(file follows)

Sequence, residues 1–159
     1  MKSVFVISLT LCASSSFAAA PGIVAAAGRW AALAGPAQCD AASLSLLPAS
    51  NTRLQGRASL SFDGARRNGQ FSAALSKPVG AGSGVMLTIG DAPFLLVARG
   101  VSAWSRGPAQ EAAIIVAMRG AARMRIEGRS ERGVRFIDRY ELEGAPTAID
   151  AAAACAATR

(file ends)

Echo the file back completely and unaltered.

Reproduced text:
Sequence, residues 1–159
     1  MKSVFVISLT LCASSSFAAA PGIVAAAGRW AALAGPAQCD AASLSLLPAS
    51  NTRLQGRASL SFDGARRNGQ FSAALSKPVG AGSGVMLTIG DAPFLLVARG
   101  VSAWSRGPAQ EAAIIVAMRG AARMRIEGRS ERGVRFIDRY ELEGAPTAID
   151  AAAACAATR